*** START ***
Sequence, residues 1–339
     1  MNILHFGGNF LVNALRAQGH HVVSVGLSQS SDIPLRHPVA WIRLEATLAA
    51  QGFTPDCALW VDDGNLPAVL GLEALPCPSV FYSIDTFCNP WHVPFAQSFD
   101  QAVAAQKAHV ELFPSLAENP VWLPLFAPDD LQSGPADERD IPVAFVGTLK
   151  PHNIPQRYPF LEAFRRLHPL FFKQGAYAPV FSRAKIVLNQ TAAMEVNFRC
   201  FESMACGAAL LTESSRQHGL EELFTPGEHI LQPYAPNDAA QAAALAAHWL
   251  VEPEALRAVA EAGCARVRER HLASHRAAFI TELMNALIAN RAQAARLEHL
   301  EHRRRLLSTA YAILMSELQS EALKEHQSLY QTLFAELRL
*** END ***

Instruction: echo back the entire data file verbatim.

Sequence, residues 1–339
     1  MNILHFGGNF LVNALRAQGH HVVSVGLSQS SDIPLRHPVA WIRLEATLAA
    51  QGFTPDCALW VDDGNLPAVL GLEALPCPSV FYSIDTFCNP WHVPFAQSFD
   101  QAVAAQKAHV ELFPSLAENP VWLPLFAPDD LQSGPADERD IPVAFVGTLK
   151  PHNIPQRYPF LEAFRRLHPL FFKQGAYAPV FSRAKIVLNQ TAAMEVNFRC
   201  FESMACGAAL LTESSRQHGL EELFTPGEHI LQPYAPNDAA QAAALAAHWL
   251  VEPEALRAVA EAGCARVRER HLASHRAAFI TELMNALIAN RAQAARLEHL
   301  EHRRRLLSTA YAILMSELQS EALKEHQSLY QTLFAELRL